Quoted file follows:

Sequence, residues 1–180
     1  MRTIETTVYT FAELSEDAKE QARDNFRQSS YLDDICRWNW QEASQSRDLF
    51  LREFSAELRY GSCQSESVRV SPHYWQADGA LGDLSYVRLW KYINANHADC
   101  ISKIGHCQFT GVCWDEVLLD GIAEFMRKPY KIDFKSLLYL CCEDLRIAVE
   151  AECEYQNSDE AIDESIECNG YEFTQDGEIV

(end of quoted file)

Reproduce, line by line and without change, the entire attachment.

Sequence, residues 1–180
     1  MRTIETTVYT FAELSEDAKE QARDNFRQSS YLDDICRWNW QEASQSRDLF
    51  LREFSAELRY GSCQSESVRV SPHYWQADGA LGDLSYVRLW KYINANHADC
   101  ISKIGHCQFT GVCWDEVLLD GIAEFMRKPY KIDFKSLLYL CCEDLRIAVE
   151  AECEYQNSDE AIDESIECNG YEFTQDGEIV